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Cannes 2024: The Apprentice review – Long shadow of Succession hangs over controversial Donald Trump biopic

Ali Abbasi film starring Sebastian Stan and Jeremy Strong zones in on a twisted early Trump mentor

The Apprentice
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Director: Ali Abbasi
Cert: None
Genre: Drama
Starring: Starring Sebastian Stan, Jeremy Strong, Maria Bakalova, Martin Donovan, Joe Pingue
Running Time: 2 hrs mins

Roy Cohn, the closeted scourge of communists and homosexuals during Joseph McCarthy’s witch-hunts, has previously been fictionalised and hung out to dry in Tony Kushner’s Angels in America and National Lampoon’s comic strip, Roy Cohn in Hell.

The Apprentice, which lists Ireland’s Tailored Films among its producers and is showing in competition at the Cannes film festival, zooms in on Cohn’s twisted mentorship of a young Donald Trump. The shadow of Succession casts long over Ali Abbasi’s controversial biopic, not least in the casting of Jeremy Strong as the vulpine Cohn.

Sebastian Stan, who does fine work incorporating Trump’s mannerisms without slipping into parody, can only bumble in Cohn’s presence when they first meet at members’ club in New York. Trump, a rent collector for his father’s property portfolio in a dilapidated city, wants to build a luxury hotel near Grand Central Station. Cohn has the nefarious legal skills to help.

A ruthless mentor, he teaches Trump three essential rules: “Attack. Attack. Attack; Admit nothing. Deny everything; Always claim victory and never admit defeat.” In common with many comic books, the dark master, soon enough, is mastered. Trump grows brasher and stronger as Cohn, enfeebled by Aids and federal investigations, visibly weakens. The commanding Cohn’s decline dovetails with a dip in the film’s dramatic impact.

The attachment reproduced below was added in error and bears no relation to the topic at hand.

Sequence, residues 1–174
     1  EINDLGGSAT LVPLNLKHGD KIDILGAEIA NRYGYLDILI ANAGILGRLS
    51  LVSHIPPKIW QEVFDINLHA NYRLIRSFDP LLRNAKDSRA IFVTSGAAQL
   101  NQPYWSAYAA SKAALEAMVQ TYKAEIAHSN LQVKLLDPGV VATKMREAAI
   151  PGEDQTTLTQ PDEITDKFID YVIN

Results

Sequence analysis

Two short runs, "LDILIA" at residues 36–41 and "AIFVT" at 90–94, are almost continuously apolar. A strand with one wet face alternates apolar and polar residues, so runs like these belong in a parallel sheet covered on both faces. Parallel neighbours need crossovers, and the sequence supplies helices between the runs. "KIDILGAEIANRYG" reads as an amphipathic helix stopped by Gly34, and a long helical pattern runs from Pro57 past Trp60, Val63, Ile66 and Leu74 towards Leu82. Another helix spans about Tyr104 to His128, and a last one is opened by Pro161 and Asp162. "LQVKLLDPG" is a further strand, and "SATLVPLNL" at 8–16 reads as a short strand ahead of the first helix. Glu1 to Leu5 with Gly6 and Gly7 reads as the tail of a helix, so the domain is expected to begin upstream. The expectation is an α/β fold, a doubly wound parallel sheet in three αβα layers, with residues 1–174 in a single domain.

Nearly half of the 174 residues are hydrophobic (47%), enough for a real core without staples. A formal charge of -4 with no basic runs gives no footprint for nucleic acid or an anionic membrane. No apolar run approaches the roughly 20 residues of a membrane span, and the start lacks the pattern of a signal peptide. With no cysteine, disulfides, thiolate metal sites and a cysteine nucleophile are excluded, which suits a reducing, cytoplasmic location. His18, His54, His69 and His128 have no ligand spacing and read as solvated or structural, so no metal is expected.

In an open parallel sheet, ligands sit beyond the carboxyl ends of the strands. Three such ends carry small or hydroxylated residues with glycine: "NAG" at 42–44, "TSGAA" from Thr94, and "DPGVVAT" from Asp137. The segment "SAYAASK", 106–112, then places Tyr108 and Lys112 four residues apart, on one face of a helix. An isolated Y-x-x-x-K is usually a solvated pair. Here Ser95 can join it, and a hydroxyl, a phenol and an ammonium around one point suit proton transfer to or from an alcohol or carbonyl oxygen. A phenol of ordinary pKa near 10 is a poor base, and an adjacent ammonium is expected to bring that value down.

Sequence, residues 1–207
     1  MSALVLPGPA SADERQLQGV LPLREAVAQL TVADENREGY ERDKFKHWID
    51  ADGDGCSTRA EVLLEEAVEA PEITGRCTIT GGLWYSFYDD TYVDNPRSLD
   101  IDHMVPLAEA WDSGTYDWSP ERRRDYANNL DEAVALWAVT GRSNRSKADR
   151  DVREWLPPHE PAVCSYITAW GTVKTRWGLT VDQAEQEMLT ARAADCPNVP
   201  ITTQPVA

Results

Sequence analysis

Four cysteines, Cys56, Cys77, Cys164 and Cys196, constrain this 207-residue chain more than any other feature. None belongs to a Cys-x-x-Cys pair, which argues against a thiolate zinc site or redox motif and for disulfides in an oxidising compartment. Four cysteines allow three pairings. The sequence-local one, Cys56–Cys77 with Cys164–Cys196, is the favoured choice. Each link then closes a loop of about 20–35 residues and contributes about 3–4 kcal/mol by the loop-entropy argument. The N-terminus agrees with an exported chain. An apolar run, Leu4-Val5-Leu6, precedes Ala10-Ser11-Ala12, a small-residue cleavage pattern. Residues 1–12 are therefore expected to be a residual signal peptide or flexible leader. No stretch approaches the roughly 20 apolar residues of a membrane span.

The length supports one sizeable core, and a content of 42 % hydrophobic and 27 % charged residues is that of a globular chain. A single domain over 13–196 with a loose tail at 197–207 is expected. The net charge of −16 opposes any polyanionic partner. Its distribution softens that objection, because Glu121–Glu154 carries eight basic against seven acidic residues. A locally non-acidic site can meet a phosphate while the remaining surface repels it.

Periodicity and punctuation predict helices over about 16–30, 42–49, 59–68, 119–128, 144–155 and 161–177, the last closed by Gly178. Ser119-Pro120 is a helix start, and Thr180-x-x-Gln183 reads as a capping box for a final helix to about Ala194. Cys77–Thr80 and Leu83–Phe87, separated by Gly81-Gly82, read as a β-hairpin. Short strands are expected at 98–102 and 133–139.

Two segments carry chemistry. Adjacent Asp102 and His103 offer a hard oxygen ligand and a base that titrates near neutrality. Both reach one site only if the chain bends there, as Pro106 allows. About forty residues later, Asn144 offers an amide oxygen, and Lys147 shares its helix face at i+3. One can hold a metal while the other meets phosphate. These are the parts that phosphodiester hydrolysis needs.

Watching how The Apprentice plays in America’s polarised political landscape will be intriguing. The younger Trump recalls nothing if not the ditsy heroines of YA franchises, a harmless haplessness that will not play well with the Blue States. The third-act inclusion of a marital rape scene inspired by Ivana Trump’s divorce deposition – a claim she later retracted – will likely outrage Republicans (and possibly lawyers).

Working in Academy ratio with archival inserts, cinematographer Kasper Tuxen and editor Olivier Bugge Coutté recreate the late 1970s and 1980s to a series of loudly banging tunes selected by David Holmes.

The economical script by Gabriel Sherman, an award-winning biographer and journalist, often strays into a revision of the established story: “You have a face like an orange”, yells Ivana (Maria Bakalova, with a fun performance that lacks the statuesque presence of the first Mrs Trump), during a bust-up.

Director Abbasi has a strong Cannes game. He won the Un Certain Regard award with the disturbing troll picture Border in 2018. Zar Amir Ebrahimi, the star of the Danish-Iranian filmmaker’s impactful serial killer drama Holy Spider, was named best actress on the Croisette in 2022. The Apprentice lacks the gravitas or impact of these earlier films, but it’s a pleasing enough doodle thanks to Stan, Strong, and a lot of period wigs.

The Apprentice is In Competition at Cannes

Tara Brady

Tara Brady

Tara Brady, a contributor to The Irish Times, is a writer and film critic